Change Makers

Dean Dana Williams: A Face of Women Leadership

Dana Williams standing in her office

Dana Williams (MA ’95, PhD ’98), dean of the Graduate School and professor of English, never felt limited by glass ceilings. 

“Competition with boys was not something that ever made sense to me,” says the dean, who grew up one of four girls. “You were judged on the basis of talent and skills much more than you were judged on the basis of gender.” 

So when she became the first permanent female dean of the Graduate School, the gravity of the moment didn’t sink in until she gazed upon a wall where portraits hung of all of her predecessors. All except one — Esther Ottley, who served as interim dean from 1986 to 1988 — were men. 

It was then that Williams asked herself, “How am I going to live up to the expectations of this position?” 

Women of color make up only 9 percent of administrators in higher education, according to a 2021 report by the College and University Professional Association for Human Resources.   

Competition with boys was not something that ever made sense to me.” 

That means Black women who are pursuing careers in academia have very few role models at the highest levels.  

Yet at Howard, “The young ladies who are in masters and PhD programs who see me as dean can say, ‘I can do that.’ The notion of leadership being inaccessible to them because they are women is blown out of the water,” Williams says.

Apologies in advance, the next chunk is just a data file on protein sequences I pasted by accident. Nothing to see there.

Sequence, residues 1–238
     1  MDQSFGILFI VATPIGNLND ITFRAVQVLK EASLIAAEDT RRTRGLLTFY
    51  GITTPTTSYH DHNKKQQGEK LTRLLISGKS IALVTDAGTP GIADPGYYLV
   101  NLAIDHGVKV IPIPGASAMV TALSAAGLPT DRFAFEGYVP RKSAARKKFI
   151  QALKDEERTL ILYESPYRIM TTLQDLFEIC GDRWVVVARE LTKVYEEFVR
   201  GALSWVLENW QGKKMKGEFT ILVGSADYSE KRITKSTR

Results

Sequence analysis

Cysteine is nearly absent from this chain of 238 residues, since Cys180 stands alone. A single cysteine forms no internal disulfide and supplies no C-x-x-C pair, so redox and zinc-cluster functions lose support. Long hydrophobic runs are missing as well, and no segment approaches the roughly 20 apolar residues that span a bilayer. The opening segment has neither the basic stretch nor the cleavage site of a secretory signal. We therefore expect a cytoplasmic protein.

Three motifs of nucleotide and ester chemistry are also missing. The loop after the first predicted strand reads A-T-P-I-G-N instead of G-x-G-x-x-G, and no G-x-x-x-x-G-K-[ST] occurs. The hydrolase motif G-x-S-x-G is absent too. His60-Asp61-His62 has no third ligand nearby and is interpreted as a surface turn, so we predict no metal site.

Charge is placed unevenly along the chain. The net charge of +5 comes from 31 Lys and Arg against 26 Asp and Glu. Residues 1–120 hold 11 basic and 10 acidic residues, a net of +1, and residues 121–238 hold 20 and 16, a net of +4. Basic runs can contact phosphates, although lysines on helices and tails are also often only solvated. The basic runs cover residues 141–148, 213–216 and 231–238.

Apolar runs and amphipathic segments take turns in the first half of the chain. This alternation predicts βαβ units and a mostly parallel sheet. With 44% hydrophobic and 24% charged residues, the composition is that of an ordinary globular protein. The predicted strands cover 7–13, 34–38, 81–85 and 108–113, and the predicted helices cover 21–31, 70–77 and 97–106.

She adds that male students can also benefit from seeing women as leaders. “I think Howard is unique in the sense that most of our students come out of communities where they have seen women in leadership, even if it’s in the home.”    

The advantages of having women leaders in higher education are immeasurable. “I do think women lead differently,” Williams says. Having women serving in administrative positions creates a diversity of voices so you end up with your best minds coming up with unique approaches to global problems, she adds. 

Prior to joining Howard’s faculty in 2003, Williams taught at Louisiana State University. She also served as a faculty fellow at the John Hope Franklin Humanities Institute at Duke University from 2008 to 2009. In 2009, she became chair of Howard’s department of English, and in 2019, she was named interim dean of the Graduate School. 

In addition to her roles at Howard, Williams served as the past president of the College Language Association, the oldest professional organization for faculty of color who teach languages and literature. She was also recently named the first female African American president of the Modern Language Association, an organization that advocates for the teaching of languages and literature. Her term will begin in 2024. She is the first person to have served as president of both organizations.  

When it comes to Howard’s role in preparing women leaders to follow in her footsteps, Williams believes no institution does it better. Howard students come away with cultural sensitivities that drive them to be open to other people’s perspectives and to value diverse experiences. Those are the hallmarks of great leaders, she says. 

“I would put our top women students who are aspirational leaders up against any student in the country.”